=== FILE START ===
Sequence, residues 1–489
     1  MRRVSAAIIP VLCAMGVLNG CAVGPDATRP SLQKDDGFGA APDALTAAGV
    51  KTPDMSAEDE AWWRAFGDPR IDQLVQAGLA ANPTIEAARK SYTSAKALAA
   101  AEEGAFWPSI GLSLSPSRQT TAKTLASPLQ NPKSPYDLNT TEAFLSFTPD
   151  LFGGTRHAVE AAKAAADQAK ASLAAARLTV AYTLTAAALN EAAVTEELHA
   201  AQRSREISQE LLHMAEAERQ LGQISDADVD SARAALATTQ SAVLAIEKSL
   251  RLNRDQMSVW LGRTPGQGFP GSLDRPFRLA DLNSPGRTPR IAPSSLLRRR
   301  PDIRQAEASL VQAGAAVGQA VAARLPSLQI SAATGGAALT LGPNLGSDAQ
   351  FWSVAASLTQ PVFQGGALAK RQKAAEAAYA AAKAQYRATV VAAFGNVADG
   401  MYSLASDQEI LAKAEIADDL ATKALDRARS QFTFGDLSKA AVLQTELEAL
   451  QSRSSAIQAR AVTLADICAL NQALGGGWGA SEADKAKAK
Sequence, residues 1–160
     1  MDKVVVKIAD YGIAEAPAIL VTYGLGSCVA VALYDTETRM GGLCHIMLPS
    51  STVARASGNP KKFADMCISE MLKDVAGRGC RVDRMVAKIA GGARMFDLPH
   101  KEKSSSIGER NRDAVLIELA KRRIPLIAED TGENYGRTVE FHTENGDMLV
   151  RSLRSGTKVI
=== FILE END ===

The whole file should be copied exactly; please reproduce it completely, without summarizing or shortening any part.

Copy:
Sequence, residues 1–489
     1  MRRVSAAIIP VLCAMGVLNG CAVGPDATRP SLQKDDGFGA APDALTAAGV
    51  KTPDMSAEDE AWWRAFGDPR IDQLVQAGLA ANPTIEAARK SYTSAKALAA
   101  AEEGAFWPSI GLSLSPSRQT TAKTLASPLQ NPKSPYDLNT TEAFLSFTPD
   151  LFGGTRHAVE AAKAAADQAK ASLAAARLTV AYTLTAAALN EAAVTEELHA
   201  AQRSREISQE LLHMAEAERQ LGQISDADVD SARAALATTQ SAVLAIEKSL
   251  RLNRDQMSVW LGRTPGQGFP GSLDRPFRLA DLNSPGRTPR IAPSSLLRRR
   301  PDIRQAEASL VQAGAAVGQA VAARLPSLQI SAATGGAALT LGPNLGSDAQ
   351  FWSVAASLTQ PVFQGGALAK RQKAAEAAYA AAKAQYRATV VAAFGNVADG
   401  MYSLASDQEI LAKAEIADDL ATKALDRARS QFTFGDLSKA AVLQTELEAL
   451  QSRSSAIQAR AVTLADICAL NQALGGGWGA SEADKAKAK
Sequence, residues 1–160
     1  MDKVVVKIAD YGIAEAPAIL VTYGLGSCVA VALYDTETRM GGLCHIMLPS
    51  STVARASGNP KKFADMCISE MLKDVAGRGC RVDRMVAKIA GGARMFDLPH
   101  KEKSSSIGER NRDAVLIELA KRRIPLIAED TGENYGRTVE FHTENGDMLV
   151  RSLRSGTKVI